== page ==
April 26, 2010
As her senior year drew near, Knox College student Sarah Kurian resolved to do more to help others, especially senior citizens. But she wasn't sure exactly how.
She sought guidance from the college's Center for Community Service and then launched Network Across Generations, a program that bridges the generation gap by bringing together Knox students and retirees living in Galesburg.
They gather regularly to chat, share meals and swap recipes. Occasionally, they arrange special events, such as a writing workshop led by Nicholas Regiacorte, a Knox College English professor.
One of the most popular activities is "game night," when students and senior citizens play cards, Yahtzee and other board games while munching on snacks. A recent "game night" drew a crowd of about 30.
The students, typically in their early 20s, and the senior citizens say everyone gains from the experience.
"It's really just fun -- talking to people and joking around," said Kurian, a biochemistry major and music minor from Elburn, Ill. "The students and the seniors always are glowing at the end of activities."
Network Across Generations has established an informal partnership with Mary Allen West Tower, a Galesburg apartment community for senior citizens and disabled persons. The program is a big hit among the residents.
"Sarah has taken the campus and brought it here to us," said Mary Donald, the facility's property manager. "It's just really reaching into the community and making Knox more a part of their lives."
Because of Network Across Generations, several Mary Allen West residents now closely follow the Knox College Prairie Fire teams in sports such as baseball and track, she said.
"The thing that I have found that is so neat about this program is not just what the students learn, but what the residents have learned from them," Donald added. "It's just an awesome interaction."
Some of the residents say they feel they've become surrogate grandparents to the Knox students, many of whom live far away from their actual grandparents.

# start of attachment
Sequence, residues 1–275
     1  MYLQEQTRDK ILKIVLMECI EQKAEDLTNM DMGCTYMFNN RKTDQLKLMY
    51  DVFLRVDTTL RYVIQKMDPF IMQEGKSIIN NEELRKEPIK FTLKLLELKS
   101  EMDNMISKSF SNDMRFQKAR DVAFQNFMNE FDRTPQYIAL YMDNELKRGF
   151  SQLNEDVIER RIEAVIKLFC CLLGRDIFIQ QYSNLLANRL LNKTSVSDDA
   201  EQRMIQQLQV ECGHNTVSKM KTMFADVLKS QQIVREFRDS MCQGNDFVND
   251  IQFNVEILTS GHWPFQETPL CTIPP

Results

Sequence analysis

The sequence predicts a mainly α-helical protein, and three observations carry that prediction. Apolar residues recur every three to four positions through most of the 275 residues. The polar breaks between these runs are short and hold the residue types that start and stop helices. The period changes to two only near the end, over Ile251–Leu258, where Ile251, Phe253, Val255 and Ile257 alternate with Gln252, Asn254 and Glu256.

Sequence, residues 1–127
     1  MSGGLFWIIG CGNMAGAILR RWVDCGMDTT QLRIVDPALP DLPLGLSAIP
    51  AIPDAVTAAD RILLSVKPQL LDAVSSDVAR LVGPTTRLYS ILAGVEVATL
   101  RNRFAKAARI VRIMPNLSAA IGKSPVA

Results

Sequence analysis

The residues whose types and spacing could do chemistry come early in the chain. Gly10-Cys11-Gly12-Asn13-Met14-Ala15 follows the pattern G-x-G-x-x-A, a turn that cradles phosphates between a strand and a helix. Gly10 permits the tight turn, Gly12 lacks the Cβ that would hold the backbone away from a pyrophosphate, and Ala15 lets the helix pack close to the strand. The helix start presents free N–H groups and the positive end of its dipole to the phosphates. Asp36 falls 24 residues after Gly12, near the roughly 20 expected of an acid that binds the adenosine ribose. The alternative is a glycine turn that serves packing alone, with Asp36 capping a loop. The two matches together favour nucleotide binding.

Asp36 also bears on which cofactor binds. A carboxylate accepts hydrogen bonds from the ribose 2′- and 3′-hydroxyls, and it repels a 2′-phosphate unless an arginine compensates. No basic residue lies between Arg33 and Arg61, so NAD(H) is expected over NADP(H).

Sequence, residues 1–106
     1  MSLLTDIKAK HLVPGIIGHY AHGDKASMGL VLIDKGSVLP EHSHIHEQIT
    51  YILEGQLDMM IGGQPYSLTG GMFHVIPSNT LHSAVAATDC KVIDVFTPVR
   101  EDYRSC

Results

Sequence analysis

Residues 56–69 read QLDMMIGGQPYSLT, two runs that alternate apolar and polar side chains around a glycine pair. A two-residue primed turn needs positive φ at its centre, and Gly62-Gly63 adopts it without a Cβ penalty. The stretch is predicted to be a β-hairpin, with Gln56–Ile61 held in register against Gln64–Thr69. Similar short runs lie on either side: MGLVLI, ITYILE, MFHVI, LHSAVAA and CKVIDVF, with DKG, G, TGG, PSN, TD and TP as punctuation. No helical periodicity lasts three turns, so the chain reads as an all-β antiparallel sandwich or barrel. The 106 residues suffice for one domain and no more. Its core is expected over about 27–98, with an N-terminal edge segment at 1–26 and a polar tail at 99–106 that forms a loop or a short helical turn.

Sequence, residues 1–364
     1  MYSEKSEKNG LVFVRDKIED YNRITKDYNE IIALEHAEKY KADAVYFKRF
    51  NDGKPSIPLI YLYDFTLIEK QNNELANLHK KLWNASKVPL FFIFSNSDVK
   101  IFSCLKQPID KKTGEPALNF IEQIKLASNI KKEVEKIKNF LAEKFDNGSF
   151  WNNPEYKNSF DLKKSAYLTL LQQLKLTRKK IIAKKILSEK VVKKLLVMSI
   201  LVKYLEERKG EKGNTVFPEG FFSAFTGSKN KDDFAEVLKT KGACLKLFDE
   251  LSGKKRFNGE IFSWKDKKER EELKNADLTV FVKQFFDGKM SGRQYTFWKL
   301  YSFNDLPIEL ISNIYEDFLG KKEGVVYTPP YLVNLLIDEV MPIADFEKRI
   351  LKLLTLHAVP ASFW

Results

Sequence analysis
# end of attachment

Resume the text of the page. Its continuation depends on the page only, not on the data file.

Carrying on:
"We really enjoy having the kids come over. They make us old people feel young," said Reba Lovan. "It's a good communication between the two generations."
"I think it's one of the nicest things that's ever been done," said Ruby Conces. "This is a wonderful group of kids. They're really interesting to talk to."
Conces mentioned Kurian as an example. She plans to become a doctor and was selected for the prestigious Knox-Rush Early Identification Program. The program guarantees qualified Knox undergraduates with admission to Rush Medical College in Chicago once they've earned a Knox degree.
Kurian said Network Across Generations has enabled her to develop closer relationships with senior citizens in the community and with some of her fellow students.
"I've gotten a community out of it," she said. "These are people who care about me and vice versa."
Kurian has been working with other participants in Network Across Generations to ensure the program keeps going even after she graduates from Knox.
Kathleen Ridlon, coordinator of the Center for Community Service, called Network Across Generations a success story.
"This is an excellent example of how students can use this center to develop ideas and leadership skills," Ridlon said. "The center provides a way for people to explore their ideas and then put them into action."
The Center for Community Service's Website offers tips for students who want to plan and execute a service project.
Kurian took her original idea about helping others, and then she ran with it, Ridlon said, adding: "This is her innovation -- and wouldn't have happened without her."